It’s even nicer to know, however, they with God’s grace they were able to move beyond their selfishness. The lives of James and John show us that as our relationship with God matures, selfishness is replaced by service- a desire to serve Jesus, who himself came not to be served, but to serve, and give his life as a ransom for many. For his part, St. James- whose feast we celebrate today- did indeed achieve that greatness he desired. But he did so only through service- by drinking the chalice of Jesus, and giving his life for him.

Today is an opportunity for us to assess the state of our relationship with the Lord. Are we selfish, or servants? If all we’re asking for is "What can I get?" perhaps we should ask for one more thing: A servant’s heart.

Thursday, July 24, 2014

Ordinary 16 Thursday

When little kids don’t want to hear something, they’ll stick their fingers in their ears and mutter “Blah, blah, blah” to drown out whatever is being said to them. We adults are more sophisticated in how we tune things out. But we do it, nevertheless.

We need to appreciate this in order to understand Jesus’ words in today’s gospel. On the surface, they sound like Jesus spoke in parables to confuse people on purpose, and that only an elite few would comprehend his teaching. And that’s partly right: Not everyone does comprehend Jesus’ teaching. But not because Jesus wants to confuse them. It’s because people just don’t want to hear.

If you recall, Jesus quoted the prophet Isaiah. And throughout history, the message of God’s prophets has been rejected time and time again. They spoke challenging words, calling on people to change their ways and turn their lives around. And folks generally don’t like to hear that sort of thing. So they tuned out.

People tune out Jesus’ message too, and we can be just as guilty as anyone else. Jesus calls us to believe in a God we cannot see, carry a cross and suffer with him, love our enemies, forgive those who hurt us, and be humble, selfless, servants. We hear these things and sometimes we want to stick our fingers in our ears and go “blah, blah, blah.”

But ignorance isn’t bliss, when it comes to the Word of God. As hard as they may be to hear, they’re the words of truth and life. “Blessed are your ears, because they hear,” said the Lord. Jesus invites us today to take our fingers from our ears, so we can “understand with our hearts,” “be converted” and be healed.

Wednesday, July 23, 2014

Ordinary 16 Wednesday

With a name like “Hurd,” it’s evident that my heritage lies more with livestock, than it does with agriculture. Thus, maybe I can blame my ancestors for my “black thumb.” Seriously, the only thing I seem to grow well are dandelions.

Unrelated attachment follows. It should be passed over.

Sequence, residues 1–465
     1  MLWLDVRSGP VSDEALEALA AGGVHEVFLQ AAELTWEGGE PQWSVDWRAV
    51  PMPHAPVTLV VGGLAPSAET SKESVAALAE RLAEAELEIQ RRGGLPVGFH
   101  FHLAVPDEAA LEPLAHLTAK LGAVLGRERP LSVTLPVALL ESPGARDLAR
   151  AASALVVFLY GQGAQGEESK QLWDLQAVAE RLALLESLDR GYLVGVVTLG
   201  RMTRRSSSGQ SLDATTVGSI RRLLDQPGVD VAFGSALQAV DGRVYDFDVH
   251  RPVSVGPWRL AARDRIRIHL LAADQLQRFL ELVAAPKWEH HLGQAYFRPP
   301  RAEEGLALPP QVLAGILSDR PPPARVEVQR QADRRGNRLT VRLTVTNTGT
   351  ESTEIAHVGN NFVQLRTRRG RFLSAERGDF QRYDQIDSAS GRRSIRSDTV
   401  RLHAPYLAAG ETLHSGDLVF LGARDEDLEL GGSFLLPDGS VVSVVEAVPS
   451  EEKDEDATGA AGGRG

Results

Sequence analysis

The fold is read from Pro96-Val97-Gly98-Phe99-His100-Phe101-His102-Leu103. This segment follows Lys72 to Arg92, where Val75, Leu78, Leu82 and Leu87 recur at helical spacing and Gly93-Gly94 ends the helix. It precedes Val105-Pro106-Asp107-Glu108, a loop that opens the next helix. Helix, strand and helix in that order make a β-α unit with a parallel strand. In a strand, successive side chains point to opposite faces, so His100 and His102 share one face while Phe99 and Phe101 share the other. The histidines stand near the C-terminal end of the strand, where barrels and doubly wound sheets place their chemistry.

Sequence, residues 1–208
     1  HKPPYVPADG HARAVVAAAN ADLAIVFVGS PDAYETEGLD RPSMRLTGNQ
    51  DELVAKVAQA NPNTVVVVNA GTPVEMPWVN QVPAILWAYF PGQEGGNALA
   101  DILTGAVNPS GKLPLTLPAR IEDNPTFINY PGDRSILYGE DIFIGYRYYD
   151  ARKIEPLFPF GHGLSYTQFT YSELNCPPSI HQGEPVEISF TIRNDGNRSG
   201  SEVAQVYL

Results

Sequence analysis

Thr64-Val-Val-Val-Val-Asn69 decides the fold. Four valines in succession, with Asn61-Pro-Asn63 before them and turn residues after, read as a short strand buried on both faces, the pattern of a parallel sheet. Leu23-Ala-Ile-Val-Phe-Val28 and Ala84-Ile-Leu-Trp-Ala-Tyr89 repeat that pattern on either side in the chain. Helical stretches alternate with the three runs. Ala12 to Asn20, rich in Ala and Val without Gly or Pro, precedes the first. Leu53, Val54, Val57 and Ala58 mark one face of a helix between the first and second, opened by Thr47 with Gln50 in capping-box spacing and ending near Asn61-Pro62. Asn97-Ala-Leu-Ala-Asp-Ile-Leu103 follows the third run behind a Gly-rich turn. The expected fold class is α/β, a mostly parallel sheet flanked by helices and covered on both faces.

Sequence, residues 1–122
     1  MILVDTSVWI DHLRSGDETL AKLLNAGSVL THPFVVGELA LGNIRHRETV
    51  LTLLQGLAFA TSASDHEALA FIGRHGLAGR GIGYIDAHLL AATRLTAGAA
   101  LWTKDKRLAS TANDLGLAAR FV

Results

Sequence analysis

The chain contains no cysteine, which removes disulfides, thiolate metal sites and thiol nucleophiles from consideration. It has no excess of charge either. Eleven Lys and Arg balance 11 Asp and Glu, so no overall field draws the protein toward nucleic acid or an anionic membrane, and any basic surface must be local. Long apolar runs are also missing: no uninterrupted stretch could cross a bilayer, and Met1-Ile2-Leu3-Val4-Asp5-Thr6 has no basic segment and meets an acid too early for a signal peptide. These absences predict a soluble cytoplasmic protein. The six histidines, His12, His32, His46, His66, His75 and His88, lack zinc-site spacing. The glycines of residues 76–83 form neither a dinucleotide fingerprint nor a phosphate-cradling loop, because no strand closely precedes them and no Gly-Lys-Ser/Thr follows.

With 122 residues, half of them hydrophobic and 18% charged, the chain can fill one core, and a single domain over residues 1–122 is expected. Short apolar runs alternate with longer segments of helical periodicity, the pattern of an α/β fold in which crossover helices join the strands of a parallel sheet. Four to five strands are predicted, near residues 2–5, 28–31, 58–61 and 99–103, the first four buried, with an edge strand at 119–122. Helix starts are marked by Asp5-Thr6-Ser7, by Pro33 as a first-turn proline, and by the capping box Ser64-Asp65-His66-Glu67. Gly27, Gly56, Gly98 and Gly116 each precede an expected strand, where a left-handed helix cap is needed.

Nevertheless, I do know enough to appreciate that not all soil is the same. A Nigerian parishioner once described his come country to me as a “land flowing with milk and honey.” All one needs to do there, he insisted, is plant seeds, after which anything and everything grows beautifully! Most soil, however, is of a different quality. To be profitable, it requires weeding, plowing, watering, and fertilizing- over and over again! Great effort is necessary.

            Isn’t this implied in Jesus’ parable of the seeds and the soil? Much of the scattered seed of God’s Word falls on soil that’s either thin, thorny, or hard as a rock. Don’t those conditions describe all of us at times? Aren’t we all, on occasion, resistant, dismissive, or deaf to God’s Word? But it doesn’t always have to be that way. Poor soil and become good soil. If we change our thinking and our priorities, God’s Word can change our lives.

            Such change may require hard work. Jesus assures us, however, that the fruits of our labors, will bring forth great fruits of the Spirit.

Tuesday, July 22, 2014

Memorial of Saint Mary Magdalene

When I reflect on the witness of St. Mary Magdalene, one thing that always impresses me is the she “kept the faith”- even when “keeping the faith” was terribly hard; even when “keeping the faith” didn’t seem to make much sense.

While Jesus hung dying on the cross, and after most of Jesus’ friends had run away out of fear, she stayed and kept watch. We can only imagine the thoughts, feelings, and temptations that swirled around her that day: anger, confusion, terror, helplessness, loneliness, resentment.

It would have been very easy for her to have run away too. But she didn’t. She stayed; she “kept the faith.”Certainly out of courage; and maybe because she knew that at that moment, faith was the only thing she had left; faith was the one thing she really needed. Her reward? She saw the risen Jesus- something that those who had run away had to wait to experience.

The witness of St. Mary Magdalene can inspire us to “keep the faith”- when things seem their bleakest, when our friends aren’t there for us, when God himself seems to be distant or indifferent. Because as she learned, there is a light at the end of the tunnel, just like the first rays of the sun on Easter morning.